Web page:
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Old 08-19-2009, 06:53 PM   #1
lyacovett
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Default Ulster Scot Brew

Hey guys,
Not really sure where this post belongs, as there is no historic section. I am looking to brew a beer for a rev war living history march. Every year I participate in a march from Abingdon, VA to Kings Mountain, NC. We follow the trail that the militia followed that helped turn the tide of the revolutionary war. The militia was made up of the ulster Scots. I was looking for a recipe that would represent what these men would have drank at the time. Does anyone have any ideas about this? I'm not sure whether this would have been an Irish Ale, or Scottish Ale.

Does anybody have any ideas on this.

BTW ... Shameless plug, the organization that performs this march/living history is the Overmountain Men Victory Trail Association (The OVTA Home Page) I apologize for the website .... I am a programmer by trade, but take no responsibility for the site.

I really appreciate an input on this.

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Old 08-19-2009, 07:33 PM   #2
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I have a whole stable of stuff for this. No modern recipe will be completely right.

Here are a couple of options:

For brewing Spruce Beer.

Take four ounces hops, boil half an hour, into one gallon water, strain it, then add sixteen gallons warm water, two gallons molasses, eight ounces essence spruce dissolved in one quart water, put it in a clean cask, shake it well together, add half pint emptins, let it stand and work one week, if very warm weather less time will do, when drawn off add one spoonful molasses to each bottle.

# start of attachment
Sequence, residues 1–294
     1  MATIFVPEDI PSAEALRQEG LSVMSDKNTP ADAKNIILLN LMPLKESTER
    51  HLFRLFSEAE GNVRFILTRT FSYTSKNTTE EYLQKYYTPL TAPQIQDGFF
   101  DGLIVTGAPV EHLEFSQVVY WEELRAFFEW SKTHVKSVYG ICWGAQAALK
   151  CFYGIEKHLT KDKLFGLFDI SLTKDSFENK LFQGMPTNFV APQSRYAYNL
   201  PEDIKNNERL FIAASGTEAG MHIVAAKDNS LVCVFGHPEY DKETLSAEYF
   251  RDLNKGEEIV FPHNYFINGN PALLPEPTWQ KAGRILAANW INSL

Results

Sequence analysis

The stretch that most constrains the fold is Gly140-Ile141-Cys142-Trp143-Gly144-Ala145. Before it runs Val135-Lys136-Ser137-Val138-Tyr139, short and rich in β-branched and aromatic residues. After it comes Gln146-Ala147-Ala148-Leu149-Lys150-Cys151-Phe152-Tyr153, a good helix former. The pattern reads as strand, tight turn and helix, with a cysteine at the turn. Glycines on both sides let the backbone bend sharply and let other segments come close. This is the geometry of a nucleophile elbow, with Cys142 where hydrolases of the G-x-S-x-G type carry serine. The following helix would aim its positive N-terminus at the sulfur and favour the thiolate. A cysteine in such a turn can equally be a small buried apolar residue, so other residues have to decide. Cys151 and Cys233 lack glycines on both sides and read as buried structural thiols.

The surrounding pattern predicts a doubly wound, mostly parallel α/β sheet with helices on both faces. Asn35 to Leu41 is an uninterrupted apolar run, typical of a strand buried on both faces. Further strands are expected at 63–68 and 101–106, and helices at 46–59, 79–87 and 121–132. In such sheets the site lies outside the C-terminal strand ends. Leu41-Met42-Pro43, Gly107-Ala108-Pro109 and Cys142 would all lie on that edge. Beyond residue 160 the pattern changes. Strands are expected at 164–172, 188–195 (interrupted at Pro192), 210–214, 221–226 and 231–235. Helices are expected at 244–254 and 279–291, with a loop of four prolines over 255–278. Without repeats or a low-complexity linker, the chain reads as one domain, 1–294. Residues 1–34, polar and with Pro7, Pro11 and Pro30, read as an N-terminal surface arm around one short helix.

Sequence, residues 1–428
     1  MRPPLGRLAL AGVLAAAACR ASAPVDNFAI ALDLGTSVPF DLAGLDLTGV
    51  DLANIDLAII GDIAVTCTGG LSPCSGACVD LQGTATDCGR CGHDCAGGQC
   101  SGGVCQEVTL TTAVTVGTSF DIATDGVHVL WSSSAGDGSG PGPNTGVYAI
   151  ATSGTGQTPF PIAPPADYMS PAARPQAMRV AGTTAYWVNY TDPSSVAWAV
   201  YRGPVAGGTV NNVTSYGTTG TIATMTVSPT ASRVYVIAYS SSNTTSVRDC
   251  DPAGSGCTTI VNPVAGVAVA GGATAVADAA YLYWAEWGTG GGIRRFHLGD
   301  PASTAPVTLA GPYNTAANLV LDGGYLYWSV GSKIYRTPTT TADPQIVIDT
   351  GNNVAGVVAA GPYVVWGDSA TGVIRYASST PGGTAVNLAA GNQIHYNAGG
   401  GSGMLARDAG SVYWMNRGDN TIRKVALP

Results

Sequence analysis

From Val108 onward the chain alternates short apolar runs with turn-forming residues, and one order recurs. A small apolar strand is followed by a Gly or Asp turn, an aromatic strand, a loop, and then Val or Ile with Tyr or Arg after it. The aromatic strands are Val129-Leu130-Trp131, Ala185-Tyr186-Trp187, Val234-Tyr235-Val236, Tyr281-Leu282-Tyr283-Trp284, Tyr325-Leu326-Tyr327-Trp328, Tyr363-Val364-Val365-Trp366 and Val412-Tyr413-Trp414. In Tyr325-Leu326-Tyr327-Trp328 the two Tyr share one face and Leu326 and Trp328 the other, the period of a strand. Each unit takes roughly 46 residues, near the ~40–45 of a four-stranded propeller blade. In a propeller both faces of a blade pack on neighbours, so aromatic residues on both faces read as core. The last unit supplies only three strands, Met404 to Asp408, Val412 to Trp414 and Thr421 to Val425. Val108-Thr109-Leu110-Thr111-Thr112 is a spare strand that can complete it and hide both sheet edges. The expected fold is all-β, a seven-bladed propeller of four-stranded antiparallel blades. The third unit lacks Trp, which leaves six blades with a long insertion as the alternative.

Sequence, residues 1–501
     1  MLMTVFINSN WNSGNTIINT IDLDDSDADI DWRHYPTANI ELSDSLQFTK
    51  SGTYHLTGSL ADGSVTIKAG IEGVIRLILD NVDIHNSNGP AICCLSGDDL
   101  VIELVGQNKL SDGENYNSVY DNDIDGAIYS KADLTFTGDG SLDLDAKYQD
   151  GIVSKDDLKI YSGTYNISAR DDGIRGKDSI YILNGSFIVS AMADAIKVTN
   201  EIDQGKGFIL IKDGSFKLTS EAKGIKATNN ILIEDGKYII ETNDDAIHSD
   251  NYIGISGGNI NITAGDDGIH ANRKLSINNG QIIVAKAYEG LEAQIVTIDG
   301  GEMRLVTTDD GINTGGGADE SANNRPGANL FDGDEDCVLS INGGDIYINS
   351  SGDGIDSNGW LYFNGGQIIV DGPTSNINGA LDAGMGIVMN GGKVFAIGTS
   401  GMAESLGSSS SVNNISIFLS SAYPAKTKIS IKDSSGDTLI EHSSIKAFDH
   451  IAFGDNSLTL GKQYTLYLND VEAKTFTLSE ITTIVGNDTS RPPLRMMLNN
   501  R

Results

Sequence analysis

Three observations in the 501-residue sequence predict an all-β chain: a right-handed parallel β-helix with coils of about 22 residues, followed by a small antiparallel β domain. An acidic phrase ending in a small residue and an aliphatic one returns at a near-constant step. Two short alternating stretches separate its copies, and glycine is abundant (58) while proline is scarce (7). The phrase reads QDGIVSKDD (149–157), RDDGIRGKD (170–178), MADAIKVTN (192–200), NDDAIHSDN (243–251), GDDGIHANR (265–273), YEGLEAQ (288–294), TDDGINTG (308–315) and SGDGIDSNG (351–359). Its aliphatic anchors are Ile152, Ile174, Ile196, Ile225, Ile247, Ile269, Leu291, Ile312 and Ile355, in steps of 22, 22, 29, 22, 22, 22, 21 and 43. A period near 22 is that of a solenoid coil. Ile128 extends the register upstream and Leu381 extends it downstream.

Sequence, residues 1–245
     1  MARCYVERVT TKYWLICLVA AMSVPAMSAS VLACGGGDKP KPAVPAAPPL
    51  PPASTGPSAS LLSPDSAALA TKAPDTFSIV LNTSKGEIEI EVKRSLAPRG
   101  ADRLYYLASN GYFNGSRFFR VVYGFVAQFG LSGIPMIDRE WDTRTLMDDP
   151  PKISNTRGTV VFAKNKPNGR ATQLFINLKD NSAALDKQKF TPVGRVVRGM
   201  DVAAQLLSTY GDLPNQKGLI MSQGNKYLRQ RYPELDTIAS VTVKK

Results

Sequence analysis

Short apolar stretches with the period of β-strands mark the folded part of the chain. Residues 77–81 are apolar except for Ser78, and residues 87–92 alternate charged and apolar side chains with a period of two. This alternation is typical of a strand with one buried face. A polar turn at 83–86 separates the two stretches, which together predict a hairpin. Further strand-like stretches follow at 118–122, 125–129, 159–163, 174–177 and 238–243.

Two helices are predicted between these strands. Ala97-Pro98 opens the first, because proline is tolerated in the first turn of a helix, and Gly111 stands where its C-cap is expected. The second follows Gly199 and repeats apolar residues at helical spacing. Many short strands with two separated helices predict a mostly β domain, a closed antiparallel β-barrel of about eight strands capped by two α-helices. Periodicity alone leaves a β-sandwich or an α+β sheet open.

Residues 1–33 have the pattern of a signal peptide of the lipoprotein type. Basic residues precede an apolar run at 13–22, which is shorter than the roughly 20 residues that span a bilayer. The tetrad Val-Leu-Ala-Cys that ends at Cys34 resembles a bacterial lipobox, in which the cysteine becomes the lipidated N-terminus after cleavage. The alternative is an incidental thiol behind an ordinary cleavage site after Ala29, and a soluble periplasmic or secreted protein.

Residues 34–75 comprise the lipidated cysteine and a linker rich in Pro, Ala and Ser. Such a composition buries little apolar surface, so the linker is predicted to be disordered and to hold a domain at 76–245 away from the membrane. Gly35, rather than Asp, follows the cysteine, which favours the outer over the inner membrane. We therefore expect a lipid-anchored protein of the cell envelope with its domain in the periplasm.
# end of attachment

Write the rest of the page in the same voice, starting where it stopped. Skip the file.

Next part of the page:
from Amelia Simmons, American Cookery, (Walpole, NH: Printed for Elijah Brooks), 1812. First published 1796. Spruce beers with molasses as the primary fermentable were common on the frontier, where malt and hops were dear.

Another small beer recipe comes from Lt. Col. George Washington, stationed
with the Virgina militia at Fort Duquesne (what is now Pittsburgh, PA):

Take a large Siffer [Sifter] full of Bran Hops to your Taste.
Boil these 3 hours then strain out 30 Gall[ons] into a cooler put in 3 Gall[ons] Molasses while the Beer is Scalding hot or rather draw the Melasses into the cooler & St[r]ain the Beer on it while boiling Hot.

Let this stand till it is little more than Blood warm then put in a quart of Yea[s]t if the Weather is very Cold cover it over with a Blank[et] & let it Work in the Cooler 24 hours then put it into the Cask - leave the bung open till it is almost don[e] Working - Bottle it that day Week it was Brewed.

Again, a malt-less recipe from the frontier. If your reenactment is meant to be along the Appalachian frontier - which was originally settled by the "Scotch-Irish" or Ulster Scots - it may be appropriate. Please note that they are definitely an acquired taste!


For malt-based recipes, see The London & Country Brewer (1736) and Coppinger's The American Practical Brewer & Tanner (1815); Coppinger's work has fine recipes which scale quite well.

Some basic notes:

Don't worry overmuch about efficiency.

Where a recipe calls for mashing and boiling multiple gyles, batch sparge instead.

Use low-alpha hops like Fuggles.

Have fun!